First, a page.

Wednesday, December 21, 2011

Heartbeat by Sharon Creech

As usual I love to begin my holidays with a good book and for the start of this Summer break I picked out a book I read quite a long time ago. It is one I often recommend to my senior Primary students.

Heartbeat is a verse novel and as I have mentioned in other review of verse novels this genre always seem to pack a very emotional punch.

Annie and her friend Max love to run. For Annie running is a release, a joy, fun! For Max running is a competition, an obsession, the way to forge a new destiny. Being twelve and thirteen their lives are changing. Annie will soon have a new sibling. Heartbeat is a chronicle of the development of the new baby from just a few cells “little tiny cells multiplying every second” through to delivery. At the other end of life, Annie and her parents share their home with her elderly grandfather. He was also once a runner but his life is slowly drawing to a close and his memory is failing. “He says he is falling to bits little pieces stop working each day and his brain is made of scrambled eggs.” These two aspects of Annie’s life lead her to think very deeply about life and relationships.

Max also reminds me
that when I was ten
I suddenly jumped of a swing
and said
‘Why are we here?’

Am I supposed to do something
It doesn’t seem enough
to merely take up space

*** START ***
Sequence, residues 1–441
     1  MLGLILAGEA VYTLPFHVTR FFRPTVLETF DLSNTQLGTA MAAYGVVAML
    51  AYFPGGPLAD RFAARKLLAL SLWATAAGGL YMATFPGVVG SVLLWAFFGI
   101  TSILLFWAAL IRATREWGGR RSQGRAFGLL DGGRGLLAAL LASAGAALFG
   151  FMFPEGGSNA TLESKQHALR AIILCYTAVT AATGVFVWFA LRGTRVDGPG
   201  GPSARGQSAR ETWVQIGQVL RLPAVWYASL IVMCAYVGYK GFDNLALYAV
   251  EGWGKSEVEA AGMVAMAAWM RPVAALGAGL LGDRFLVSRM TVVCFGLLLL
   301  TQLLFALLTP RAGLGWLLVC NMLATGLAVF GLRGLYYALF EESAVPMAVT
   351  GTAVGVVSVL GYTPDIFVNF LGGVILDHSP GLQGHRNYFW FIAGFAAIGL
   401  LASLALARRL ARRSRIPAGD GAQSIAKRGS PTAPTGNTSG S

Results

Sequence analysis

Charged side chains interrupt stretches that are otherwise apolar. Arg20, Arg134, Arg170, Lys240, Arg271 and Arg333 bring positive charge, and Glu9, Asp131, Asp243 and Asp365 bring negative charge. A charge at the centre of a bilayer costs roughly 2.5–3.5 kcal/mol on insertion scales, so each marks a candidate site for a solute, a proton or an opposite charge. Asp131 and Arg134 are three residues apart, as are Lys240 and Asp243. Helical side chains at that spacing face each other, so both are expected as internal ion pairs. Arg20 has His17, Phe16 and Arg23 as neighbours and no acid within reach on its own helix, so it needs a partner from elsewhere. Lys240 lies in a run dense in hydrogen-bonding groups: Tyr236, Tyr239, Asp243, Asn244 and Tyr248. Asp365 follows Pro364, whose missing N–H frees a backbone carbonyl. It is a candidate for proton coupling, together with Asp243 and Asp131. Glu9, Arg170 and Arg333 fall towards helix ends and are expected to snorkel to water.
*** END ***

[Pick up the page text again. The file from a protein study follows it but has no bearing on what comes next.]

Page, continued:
on this planet
in this country
in this state
in this town
in this family

I do not yet know
what I should be

The other truly special moments in this book come as Annie works on an art project. We have an art room in our Primary school and I would love to think there might be children who treasure this room the way Annie does : “Twice a week at school we have art class with Miss Freely in a room I’d like to live in.” The art project is to draw apples for 100 days. This simple idea provides a beautiful metaphor for the evolution of life Creech explores though this book.

If you enjoyed Don’t breathe a word by Marianne Musgrove and all the books by Sherryl Clarke and Sally Murphy (Pearl verses the world), Heartbeat is even better. Sharon Creech is a master writer of the verse novel. You might also enjoy an old but very special picture book we have in our library called A Rabbit named Harris by Nan Hunt. Take a look at my reviews of Love that Dog and Hate that Cat. (Sharon Creech made a comment about this review and it is one of my proudest blog moments!).

I often muse about the way a book reaches me. Earlier this year a senior student lost our copy of Heartbeat. After quite a long period we purchased a new copy and then about four weeks ago the old copy was unearthed in a different classroom. This original copy is in fairly poor shape so we have withdrawn it from our collection and thus I bought it home to read. My holidays are off to a fabulous start with the reading of this sensitive and affirming story. You can read some notes here by Sharon Creech and an extensive set of questions for teachers who might like to use this book with a class.

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